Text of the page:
Alea Dews with her cat “Sir” and dog “Khaleesi” at WSU’s Honors College.

WSU Honors Student accepted to England’s Royal Veterinary College

By: Phyllis Shier, WSU Honors College,

Alea Dews appreciates how her Honors classes established a foundation for the challenging curriculum she faced with WSU’s Pre-Veterinary Medicine program, even when some courses felt like a stretch.

“I took a course in technology, and, initially going in, I thought ‘Why do I care about this? It’s nothing related to my major!’” said Dews, who will graduate this May with a bachelor’s degree in Animal Sciences and pre-veterinary medicine. Next September Dews begins coursework at the prestigious Royal Veterinary College (RVC) in England, with the goal of becoming an equine veterinarian.

Today, Dews looks at courses like the one in technology a bit differently. “It opened my eyes that there are a lot of approaches to things, and I really need to be aware of that especially since I’ll be studying abroad next Fall,” she said. Additional honors courses, including one that examined social and political issues through film, and a current course taught by Honors Dean Grant Norton that compares plastics and recycling practices in different cities, helped to broaden and nuance her worldview.

That nuance helped her to challenge and expand her views on caring for and training horses in courses she took with CAHNRS lecturer, Angie Reitmeier. Dews has been riding and showing horses since she was seven. She joined the WSU Equestrian Team as a freshman and continued with it through her junior year. Yet, Reitmeier’s approach to rearing and caring for horses was very different from what Dews had experienced.

“I don’t know if more ‘natural’ is the word but the way she trains is very different from what I’ve grown up with in the show horse world, so that helped me a lot,” Dews said. “After I get out of vet school and I have to actually go and deal with different clients I’ll have to be open-minded to different methods, having to adapt myself to how to do things differently but still get the job accomplished.”

Dews also benefitted greatly from an internship with Dr. Dana Westerman, a mobile veterinarian she shadowed and assisted for two summers in Monroe, Washington. “I’d help her set things up then I’d watch and ask questions,” Dews said. She also helped to hold and calm horses when Westerman conducted procedures. “She’d kind of teach me ‘this is the problem, and this is how you’d go about it,’” Dews said. Westerman partners with a program called “Heartstings for Horses” an organization that “grafts” orphaned foals onto adoptive mares. Dews became interested in this procedure, pursuing it further for her thesis project with Reitmeier.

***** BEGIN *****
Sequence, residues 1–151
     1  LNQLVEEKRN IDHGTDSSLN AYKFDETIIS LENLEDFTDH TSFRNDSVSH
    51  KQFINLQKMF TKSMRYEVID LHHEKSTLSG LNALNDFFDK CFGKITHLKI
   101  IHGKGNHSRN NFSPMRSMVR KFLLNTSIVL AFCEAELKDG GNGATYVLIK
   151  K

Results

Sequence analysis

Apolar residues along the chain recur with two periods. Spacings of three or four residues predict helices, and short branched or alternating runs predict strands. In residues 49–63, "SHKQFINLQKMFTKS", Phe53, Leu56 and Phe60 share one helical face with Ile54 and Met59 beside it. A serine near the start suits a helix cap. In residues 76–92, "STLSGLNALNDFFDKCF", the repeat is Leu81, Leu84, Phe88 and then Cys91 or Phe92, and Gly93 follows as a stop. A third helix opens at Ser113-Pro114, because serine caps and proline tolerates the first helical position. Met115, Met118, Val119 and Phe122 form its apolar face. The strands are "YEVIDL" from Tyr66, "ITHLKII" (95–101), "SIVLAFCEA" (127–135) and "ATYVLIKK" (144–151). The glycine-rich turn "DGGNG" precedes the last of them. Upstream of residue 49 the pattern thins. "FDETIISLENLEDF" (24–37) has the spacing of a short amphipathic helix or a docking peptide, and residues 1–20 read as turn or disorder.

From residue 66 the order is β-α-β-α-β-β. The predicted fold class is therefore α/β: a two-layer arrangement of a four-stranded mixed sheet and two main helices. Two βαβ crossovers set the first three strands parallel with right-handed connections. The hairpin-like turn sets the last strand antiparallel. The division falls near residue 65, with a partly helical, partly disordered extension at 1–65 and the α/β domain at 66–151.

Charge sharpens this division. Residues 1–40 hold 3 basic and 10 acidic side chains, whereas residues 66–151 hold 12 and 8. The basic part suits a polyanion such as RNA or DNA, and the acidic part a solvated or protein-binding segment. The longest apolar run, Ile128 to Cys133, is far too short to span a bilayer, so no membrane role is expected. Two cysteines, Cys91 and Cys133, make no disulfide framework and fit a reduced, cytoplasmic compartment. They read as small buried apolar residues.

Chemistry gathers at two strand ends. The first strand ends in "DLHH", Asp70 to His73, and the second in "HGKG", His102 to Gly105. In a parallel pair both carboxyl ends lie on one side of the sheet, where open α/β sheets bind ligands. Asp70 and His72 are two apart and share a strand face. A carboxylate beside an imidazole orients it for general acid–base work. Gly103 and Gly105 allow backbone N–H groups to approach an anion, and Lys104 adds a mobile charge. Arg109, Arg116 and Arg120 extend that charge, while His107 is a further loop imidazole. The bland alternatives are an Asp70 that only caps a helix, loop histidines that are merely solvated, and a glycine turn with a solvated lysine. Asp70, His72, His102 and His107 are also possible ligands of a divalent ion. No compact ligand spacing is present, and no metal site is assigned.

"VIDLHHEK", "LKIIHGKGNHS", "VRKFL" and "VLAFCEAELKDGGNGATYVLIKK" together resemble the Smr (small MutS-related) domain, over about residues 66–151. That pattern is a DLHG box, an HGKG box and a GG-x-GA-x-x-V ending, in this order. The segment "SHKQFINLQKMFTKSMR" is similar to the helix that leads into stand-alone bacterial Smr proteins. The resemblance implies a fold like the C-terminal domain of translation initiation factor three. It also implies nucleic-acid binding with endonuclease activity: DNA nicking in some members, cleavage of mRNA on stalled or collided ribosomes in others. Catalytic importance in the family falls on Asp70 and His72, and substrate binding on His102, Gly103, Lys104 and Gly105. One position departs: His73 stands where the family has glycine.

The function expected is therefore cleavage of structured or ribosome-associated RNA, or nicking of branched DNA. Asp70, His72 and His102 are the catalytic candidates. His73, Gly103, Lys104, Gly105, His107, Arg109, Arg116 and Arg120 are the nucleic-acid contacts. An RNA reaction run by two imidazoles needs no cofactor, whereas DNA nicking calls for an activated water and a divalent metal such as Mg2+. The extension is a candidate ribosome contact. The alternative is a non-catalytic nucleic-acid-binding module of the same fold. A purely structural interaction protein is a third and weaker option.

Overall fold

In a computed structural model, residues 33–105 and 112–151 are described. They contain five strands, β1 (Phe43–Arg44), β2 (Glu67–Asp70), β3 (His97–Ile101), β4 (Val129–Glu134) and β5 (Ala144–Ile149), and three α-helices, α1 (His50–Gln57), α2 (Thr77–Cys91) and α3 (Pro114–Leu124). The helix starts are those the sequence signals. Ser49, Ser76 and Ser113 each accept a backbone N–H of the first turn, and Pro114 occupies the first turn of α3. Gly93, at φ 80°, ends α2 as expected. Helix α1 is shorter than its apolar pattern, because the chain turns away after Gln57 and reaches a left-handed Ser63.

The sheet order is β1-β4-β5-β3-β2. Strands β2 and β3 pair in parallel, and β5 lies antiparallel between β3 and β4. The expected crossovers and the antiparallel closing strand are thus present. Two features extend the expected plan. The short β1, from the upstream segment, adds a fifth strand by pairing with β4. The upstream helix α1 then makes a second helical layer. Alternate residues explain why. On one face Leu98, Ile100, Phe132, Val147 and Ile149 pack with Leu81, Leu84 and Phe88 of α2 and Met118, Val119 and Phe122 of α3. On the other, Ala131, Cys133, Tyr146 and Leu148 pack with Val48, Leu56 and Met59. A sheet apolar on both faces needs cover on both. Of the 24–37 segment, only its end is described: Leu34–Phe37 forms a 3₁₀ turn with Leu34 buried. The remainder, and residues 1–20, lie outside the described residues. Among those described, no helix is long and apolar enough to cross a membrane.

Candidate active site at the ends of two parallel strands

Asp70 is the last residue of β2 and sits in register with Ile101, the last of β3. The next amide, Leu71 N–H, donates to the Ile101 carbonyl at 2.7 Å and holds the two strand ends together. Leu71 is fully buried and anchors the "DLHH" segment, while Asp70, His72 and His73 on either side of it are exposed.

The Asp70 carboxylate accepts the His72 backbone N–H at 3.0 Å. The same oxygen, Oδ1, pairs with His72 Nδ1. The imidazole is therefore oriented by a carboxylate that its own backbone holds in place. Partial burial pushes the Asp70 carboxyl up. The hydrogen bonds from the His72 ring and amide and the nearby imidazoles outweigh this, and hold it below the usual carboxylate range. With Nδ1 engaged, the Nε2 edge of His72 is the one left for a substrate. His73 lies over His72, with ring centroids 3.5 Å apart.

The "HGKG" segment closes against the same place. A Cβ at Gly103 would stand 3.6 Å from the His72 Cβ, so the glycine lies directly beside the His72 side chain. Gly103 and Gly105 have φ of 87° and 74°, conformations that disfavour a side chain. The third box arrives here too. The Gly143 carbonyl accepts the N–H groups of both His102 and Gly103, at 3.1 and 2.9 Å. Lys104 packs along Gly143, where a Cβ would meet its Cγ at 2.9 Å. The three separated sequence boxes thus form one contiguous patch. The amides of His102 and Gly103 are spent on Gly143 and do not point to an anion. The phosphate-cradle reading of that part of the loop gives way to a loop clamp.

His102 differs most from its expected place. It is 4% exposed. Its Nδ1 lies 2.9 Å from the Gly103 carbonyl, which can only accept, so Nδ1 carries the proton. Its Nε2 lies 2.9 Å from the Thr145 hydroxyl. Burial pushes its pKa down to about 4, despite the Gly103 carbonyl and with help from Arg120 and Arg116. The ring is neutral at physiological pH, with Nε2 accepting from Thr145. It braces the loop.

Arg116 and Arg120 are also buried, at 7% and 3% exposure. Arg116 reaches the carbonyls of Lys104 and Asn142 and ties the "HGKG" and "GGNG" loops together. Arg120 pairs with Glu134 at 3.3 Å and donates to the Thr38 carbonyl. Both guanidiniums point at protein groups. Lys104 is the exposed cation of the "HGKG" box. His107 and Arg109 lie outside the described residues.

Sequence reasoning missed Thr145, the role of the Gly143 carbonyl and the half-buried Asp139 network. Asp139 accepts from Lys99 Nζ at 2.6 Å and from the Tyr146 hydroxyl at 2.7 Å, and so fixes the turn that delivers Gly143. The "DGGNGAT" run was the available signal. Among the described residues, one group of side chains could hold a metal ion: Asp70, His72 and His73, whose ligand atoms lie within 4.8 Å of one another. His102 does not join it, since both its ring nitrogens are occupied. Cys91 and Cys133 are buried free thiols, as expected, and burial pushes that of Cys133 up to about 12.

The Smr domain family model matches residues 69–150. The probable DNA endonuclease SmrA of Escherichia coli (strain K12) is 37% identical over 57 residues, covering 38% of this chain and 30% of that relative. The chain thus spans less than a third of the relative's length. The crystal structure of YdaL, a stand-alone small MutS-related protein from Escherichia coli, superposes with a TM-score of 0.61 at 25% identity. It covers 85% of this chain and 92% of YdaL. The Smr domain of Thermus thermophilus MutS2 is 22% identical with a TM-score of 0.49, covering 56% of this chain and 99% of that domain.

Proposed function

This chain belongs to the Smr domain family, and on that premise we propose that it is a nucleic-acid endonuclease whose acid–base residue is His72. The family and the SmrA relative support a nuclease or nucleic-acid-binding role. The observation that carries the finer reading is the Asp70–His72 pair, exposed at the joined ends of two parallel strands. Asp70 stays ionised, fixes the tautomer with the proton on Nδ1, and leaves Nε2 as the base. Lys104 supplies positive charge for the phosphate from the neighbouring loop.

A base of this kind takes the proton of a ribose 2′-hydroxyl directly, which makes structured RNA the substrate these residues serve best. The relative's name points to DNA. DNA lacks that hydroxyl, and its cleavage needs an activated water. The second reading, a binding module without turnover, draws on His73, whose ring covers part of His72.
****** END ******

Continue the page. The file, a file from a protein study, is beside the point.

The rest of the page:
“I have had the pleasure of knowing Alea as a student in my equine classes, as a teaching assistant in horsemanship, and as her honors thesis advisor. Every step of the way, she demonstrated her passion and commitment to becoming an equine veterinarian, and now she takes a giant step into the Royal Veterinary College in London,” Reitmeier said. “I couldn’t be more proud and have no doubt she will shine as brightly there as she did during her undergraduate years at WSU.”

As Dews prepares for England, she does so with confidence and a new appreciation of the synergistic efforts that led to her degree. “As far as people, I don’t really know anyone there so that will be a full fresh start,” she said of RVC. Dews was drawn to the college for their facilities and research program. “They have a CT machine for horses, state-of-the-art operating theatres, and do more extensive surgeries than you see in other places,” she said. Dews is also interested in research into Pituitary Pars Intermedia Dysfunction (PPID). Also known as equine Cushings, PPID is caused by overproduction of pituitary hormones causing a variety of ailments in horses and ponies of advanced age. Dews saw cases of PPID while shadowing Dr. Westerman. “I thought it would be really cool to be at the university that’s at the forefront for some of this research,” she said.

The process for getting into the Royal Veterinary College was arduous. It included a second application to accompany the veterinarian common application, supplemental essays, and, once she was invited to interview, a group activity with four other applicants and a series of six individual interviews in Dallas, Texas.

“It was nerve-wracking!” Dews said. But she’s also quick to point out how the presentation-based nature of her honors courses prepared her for the process.

“Coming out of high school I was definitely a lot more shy than I am now. Public speaking helped me to come out of my bubble a bit and that ultimately helped me with my interviews to vet schools,” she said. “Honors College professors teach really specific issues in their classes but the concepts behind what they are teaching relate to a lot of different things.”